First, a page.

Duck Crossing (2009) is part of Kimuak, the Basque Government’s program for the distribution and promotion of Basque short films worldwide. Koldo Almandoz is a short film maker based Donostia-San Sebastian, whose short films have gained national, state level and international acclaim.

 

The Basque film HANDIA is nominated for 13 Goya Awards

 

handia pelicula bilaketarekin bat datozen irudiak

The Basque movie Handia (Giant) has been nominated for 13 Goya awards, including best film, best director, and best script. The Goya Awards are granted annually by the Academy of Arts and Cinematographic Sciences of Spain.

handia pelicula bilaketarekin bat datozen irudiak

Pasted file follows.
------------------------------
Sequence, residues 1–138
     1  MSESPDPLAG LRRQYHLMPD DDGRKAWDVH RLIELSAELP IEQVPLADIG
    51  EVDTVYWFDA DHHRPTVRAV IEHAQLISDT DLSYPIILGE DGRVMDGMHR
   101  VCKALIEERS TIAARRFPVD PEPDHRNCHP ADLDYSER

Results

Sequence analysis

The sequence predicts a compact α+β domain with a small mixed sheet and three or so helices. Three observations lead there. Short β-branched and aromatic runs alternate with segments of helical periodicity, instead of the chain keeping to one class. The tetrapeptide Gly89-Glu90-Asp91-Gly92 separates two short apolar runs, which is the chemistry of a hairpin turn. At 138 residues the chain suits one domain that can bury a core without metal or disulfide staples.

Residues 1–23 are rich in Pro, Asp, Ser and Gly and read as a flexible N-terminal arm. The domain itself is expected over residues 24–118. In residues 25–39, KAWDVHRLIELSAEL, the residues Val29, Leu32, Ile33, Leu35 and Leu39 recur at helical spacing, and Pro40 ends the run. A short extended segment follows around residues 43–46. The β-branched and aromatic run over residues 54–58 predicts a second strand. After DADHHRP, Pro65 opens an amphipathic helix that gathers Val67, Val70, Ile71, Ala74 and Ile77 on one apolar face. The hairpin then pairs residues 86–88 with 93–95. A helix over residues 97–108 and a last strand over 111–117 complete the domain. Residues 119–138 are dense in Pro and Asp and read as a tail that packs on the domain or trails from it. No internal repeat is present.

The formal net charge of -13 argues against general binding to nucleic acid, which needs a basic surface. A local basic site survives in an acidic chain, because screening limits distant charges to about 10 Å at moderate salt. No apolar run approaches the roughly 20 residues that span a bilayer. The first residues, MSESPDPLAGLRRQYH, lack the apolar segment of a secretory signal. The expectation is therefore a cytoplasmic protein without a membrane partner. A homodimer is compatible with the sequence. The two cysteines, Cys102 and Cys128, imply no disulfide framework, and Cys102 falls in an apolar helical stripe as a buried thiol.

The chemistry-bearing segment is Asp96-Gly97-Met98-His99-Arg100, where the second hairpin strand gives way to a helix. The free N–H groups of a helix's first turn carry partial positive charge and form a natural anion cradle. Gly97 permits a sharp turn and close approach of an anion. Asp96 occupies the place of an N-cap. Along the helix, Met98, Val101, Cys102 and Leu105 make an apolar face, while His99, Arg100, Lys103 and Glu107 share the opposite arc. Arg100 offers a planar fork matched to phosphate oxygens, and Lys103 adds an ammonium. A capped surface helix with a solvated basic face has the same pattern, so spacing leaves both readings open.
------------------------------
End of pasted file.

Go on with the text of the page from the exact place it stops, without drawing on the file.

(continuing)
The film appears to be quite interesting as it is based on a true story.  The film begins after one of the protagonists, Martin, returns to his family farmhouse in Gipuzkoa after fighting in the First Carlist War. There he discovers that his younger brother, Miguel Joaquín, is much taller than usual. Convinced that everyone will want to pay to see the greatest man on Earth, both brothers embark on a long journey through Europe in which ambition, money, and fame will forever change the destiny of the family.  

handia pelicula bilaketarekin bat datozen irudiak

The film Handia tells the true story of Miguel Joaquin Eleizegi Arteaga, a character who in the mid-nineteenth century was known as the Giant of Alzo. Born in 1819 in the Gipuzkoan town of Alzo, he suffered from acromegaly, a disease caused by a defect in the pituitary gland that causes excessive secretion of growth hormones. Miguel Joaquin came to weigh 467 pounds and measured 7’4 feet tall. Unfortunately, Miguel Joaquin died very young at the age of 43 from tuberculosis.

Gigante de Alzo bilaketarekin bat datozen irudiak